former employee of this firm, allegedly sold information to Beijing Machinery
Import & Export (Group) Corp for $550,000.  The pair face charges of computer
and wire fraud and could be punished by a maximum of 15 years in prison and
$500,000.

Michel E. Kabay, Ph.D./ Dir. Education / Natl Computer Security Assoc.


Trojan @ U. Michigan

"Mich Kabay / JINBU Corp." <75300.3232@CompuServe.COM>
26 Apr 94 12:13:46 EDT
>From the Washington Post newswire via Executive News Service (GO ENS) on
CompuServe:

Message Posted On Internet Spurs Probe; Jokes, Threats Directed At African
Americans

   By John Burgess, Washington Post Staff Writer, 25 Apr 1994

   The sordid side of the emerging electronic culture got a very public
   airing at the University of Michigan this month. Officials there are
   investigating an incident involving a stolen computer password and a death
   threat against African Americans that was sent over the global Internet
   computer network.

The author continues with the following key points:

o    the perpetrator is still unknown.

o    On April 5, someone using a University of Michigan email address sent
the offensive message to 30 newsgroups on the Net.

o    "Purporting to come from a group called the Organization for the
Execution of Minorities, the posting was a lengthy collection of jokes and
riddles directed against black Americans. It also contained rambling
threats of death and injury."

o    The host system was immediately flooded with angry protests from
around the Net.

o    The supposed originator protested his innocence and repudiated the
message and its content.

o    Campus computer security specialists think the student may have been a
victim of a classic Trojan Horse which collected logins and passwords by
spoofing the login screen and writing the ID/password pairs to a file for
retrieval.

o    International users also received the posting and criticized Americans
for racism.

Michel E. Kabay, Ph.D./ Dir. Education / Natl Computer Security Assoc.


$14 million QA failure

"Mich Kabay / JINBU Corp." <75300.3232@CompuServe.COM>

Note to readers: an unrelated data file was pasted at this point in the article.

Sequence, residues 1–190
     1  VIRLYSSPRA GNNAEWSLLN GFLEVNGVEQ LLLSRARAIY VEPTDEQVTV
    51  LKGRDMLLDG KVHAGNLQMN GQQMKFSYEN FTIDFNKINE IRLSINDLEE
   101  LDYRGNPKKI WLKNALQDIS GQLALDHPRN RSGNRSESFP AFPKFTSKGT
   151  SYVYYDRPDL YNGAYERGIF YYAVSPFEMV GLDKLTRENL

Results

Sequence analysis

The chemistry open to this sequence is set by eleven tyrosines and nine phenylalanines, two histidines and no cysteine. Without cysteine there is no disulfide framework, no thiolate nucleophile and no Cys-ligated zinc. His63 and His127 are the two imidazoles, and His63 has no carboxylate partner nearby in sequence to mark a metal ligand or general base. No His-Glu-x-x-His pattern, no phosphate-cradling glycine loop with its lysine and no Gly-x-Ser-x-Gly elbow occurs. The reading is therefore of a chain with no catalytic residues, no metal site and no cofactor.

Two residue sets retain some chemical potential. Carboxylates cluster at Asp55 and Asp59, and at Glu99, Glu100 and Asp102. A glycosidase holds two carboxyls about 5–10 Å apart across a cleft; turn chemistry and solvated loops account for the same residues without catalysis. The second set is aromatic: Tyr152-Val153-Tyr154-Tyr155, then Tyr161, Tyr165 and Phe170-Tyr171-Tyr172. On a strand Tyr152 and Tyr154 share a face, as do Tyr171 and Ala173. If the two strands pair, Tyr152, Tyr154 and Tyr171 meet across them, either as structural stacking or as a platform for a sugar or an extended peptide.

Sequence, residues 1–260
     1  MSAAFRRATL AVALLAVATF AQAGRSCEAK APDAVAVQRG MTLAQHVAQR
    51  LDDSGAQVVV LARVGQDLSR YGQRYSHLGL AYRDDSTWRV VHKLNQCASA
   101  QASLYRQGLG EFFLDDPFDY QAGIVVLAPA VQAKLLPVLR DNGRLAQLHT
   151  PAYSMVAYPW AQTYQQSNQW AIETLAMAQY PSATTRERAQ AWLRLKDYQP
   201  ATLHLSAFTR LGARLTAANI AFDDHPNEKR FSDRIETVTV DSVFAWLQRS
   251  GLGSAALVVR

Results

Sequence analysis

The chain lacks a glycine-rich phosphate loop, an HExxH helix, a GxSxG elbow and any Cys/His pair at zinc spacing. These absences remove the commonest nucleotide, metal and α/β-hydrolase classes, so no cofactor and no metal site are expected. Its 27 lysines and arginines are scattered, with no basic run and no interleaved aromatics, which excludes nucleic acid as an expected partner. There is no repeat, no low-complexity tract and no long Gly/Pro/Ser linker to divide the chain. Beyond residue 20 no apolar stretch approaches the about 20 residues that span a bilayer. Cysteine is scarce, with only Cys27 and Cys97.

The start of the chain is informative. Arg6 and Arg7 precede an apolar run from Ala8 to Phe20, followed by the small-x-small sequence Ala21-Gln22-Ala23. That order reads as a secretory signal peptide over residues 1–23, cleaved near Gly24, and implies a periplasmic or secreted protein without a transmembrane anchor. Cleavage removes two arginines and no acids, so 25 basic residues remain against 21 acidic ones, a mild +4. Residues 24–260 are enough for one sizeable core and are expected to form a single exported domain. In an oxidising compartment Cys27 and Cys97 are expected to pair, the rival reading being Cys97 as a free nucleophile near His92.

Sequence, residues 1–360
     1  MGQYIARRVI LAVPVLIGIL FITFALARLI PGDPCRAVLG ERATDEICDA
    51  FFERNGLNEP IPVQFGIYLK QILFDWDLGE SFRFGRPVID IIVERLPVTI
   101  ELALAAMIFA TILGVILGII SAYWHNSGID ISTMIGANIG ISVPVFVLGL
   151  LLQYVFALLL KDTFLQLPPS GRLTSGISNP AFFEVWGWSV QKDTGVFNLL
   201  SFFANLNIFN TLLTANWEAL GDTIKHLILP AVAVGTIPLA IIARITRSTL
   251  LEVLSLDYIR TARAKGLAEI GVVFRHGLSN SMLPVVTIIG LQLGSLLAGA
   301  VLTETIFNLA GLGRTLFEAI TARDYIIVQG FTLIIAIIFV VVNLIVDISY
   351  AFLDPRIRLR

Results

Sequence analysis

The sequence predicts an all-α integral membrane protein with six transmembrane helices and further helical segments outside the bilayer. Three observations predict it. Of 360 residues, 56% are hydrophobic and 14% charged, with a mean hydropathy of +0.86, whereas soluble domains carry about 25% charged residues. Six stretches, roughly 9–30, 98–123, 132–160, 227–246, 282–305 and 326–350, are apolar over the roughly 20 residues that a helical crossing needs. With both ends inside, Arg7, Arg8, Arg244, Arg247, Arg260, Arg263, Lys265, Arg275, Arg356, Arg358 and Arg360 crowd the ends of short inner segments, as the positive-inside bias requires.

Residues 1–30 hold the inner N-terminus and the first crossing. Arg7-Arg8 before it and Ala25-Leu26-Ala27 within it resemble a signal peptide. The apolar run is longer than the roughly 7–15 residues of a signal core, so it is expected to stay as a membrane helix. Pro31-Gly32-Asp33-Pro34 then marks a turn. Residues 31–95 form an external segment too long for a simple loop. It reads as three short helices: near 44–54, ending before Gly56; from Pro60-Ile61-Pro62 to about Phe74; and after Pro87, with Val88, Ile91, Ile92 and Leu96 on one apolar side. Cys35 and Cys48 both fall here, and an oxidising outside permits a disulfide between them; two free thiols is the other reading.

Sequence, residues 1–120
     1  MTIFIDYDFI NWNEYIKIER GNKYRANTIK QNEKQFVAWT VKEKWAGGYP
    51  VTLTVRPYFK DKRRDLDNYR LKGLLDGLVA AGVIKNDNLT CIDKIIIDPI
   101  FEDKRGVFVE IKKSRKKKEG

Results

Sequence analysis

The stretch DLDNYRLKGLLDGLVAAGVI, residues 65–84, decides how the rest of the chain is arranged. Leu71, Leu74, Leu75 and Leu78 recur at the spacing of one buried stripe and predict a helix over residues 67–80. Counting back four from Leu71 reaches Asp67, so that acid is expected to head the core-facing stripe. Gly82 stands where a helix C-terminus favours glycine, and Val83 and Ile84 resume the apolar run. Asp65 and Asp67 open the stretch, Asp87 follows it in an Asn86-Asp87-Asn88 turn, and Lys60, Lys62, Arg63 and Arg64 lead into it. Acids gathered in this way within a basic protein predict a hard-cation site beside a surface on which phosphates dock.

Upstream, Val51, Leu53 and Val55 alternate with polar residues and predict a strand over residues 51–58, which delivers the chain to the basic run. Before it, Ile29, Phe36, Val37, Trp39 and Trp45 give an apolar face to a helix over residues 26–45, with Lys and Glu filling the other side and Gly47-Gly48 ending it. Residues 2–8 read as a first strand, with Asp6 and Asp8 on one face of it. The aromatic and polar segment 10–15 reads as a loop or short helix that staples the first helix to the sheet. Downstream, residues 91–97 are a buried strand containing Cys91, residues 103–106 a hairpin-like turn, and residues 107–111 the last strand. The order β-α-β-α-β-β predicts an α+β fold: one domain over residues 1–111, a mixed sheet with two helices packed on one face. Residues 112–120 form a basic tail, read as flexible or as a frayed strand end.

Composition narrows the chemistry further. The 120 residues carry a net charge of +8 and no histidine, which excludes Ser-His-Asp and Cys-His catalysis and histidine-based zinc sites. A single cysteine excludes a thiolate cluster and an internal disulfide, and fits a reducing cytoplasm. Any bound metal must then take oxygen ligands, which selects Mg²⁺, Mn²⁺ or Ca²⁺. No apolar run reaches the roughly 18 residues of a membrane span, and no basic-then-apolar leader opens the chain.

26 Apr 94 15:28:10 EDT
>From _The Globe and Mail_ [Canada], Mon 94.04.25 p. A3:

"Pensioners to keep overpayments:  Ottawa to write off $14 million mistake
by computer."

According to the Canadian Press report, 8,000 pensioners received overpayments
because the computer programs at the Canada Pension Plan did not correctly
combine pensions.  "...[I]t took years to uncover the mistake and figure out
what to do about it."

  [MK comments: what amuses me is the headline which blames the mistake on the
  computer.  Quality Assurance, where art thou?]

Michel E. Kabay, Ph.D. / Dir. Education / Natl Computer Security Assoc.


Oakland posting for risks

John Rushby <RUSHBY@csl.sri.com>
Sun 24 Apr 94 17:07:28-PDT
Last chance to register for

    1994 IEEE SYMPOSIUM ON RESEARCH IN SECURITY AND PRIVACY
               May 16-18, 1994
              Claremont Resort,
             Oakland, California

The program for this, the main conference on computer security research, was
posted in RISKS-15.43, 30 Jan 1994.  I won't repeat the whole thing, but here
are the details of the very exciting panels that have been arranged.  These
were missing from the earlier posting.

Monday 2:00--3:30   PANEL: Firewalls

Moderator: Steve Kent (BBN)
Panelists: Steve Bellovin (AT&T) -- "Firewalls are good"
           Phil Karn (Qualcomm)  -- "Firewalls are bad"

Tuesday 2:00--3:30   PANEL: What Security Needs To Learn From Other Fields

Moderator: Teresa Lunt
Panelists: Nancy Leveson (U. Washington)               -- safety
           Fred Schneider (Cornell)                    -- dependability
           Jeffrey Voas (Reliable Software Technology) -- testing
           Brian Snow (NSA)                            -- security perspective

There's still time to register.  The easiest way to get the program
and registration form is by WWW from http://www.csl.sri.com (follow
the link under conferences), or by anonymous ftp of the file
/pub/oakland94.txt from ftp.csl.sri.com.  If all else fails,
send email requesting the form to John Rushby (Rushby@csl.sri.com).


Strange Stalking

Flint Waters <Flint.Waters@uwyo.edu>
Tue, 26 Apr 1994 14:00:00 +0000 (M)
We just finished a pretty strange case.

A woman came in a reported that her estranged husband was stalking her.  The